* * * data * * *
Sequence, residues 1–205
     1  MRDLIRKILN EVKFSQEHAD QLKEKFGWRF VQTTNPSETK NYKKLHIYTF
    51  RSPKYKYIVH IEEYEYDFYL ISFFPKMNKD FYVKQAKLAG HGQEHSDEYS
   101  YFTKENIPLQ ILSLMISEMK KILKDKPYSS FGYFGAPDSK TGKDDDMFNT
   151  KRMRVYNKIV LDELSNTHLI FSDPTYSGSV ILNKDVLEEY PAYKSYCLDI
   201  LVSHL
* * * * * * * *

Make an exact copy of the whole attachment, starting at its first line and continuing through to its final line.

Sequence, residues 1–205
     1  MRDLIRKILN EVKFSQEHAD QLKEKFGWRF VQTTNPSETK NYKKLHIYTF
    51  RSPKYKYIVH IEEYEYDFYL ISFFPKMNKD FYVKQAKLAG HGQEHSDEYS
   101  YFTKENIPLQ ILSLMISEMK KILKDKPYSS FGYFGAPDSK TGKDDDMFNT
   151  KRMRVYNKIV LDELSNTHLI FSDPTYSGSV ILNKDVLEEY PAYKSYCLDI
   201  LVSHL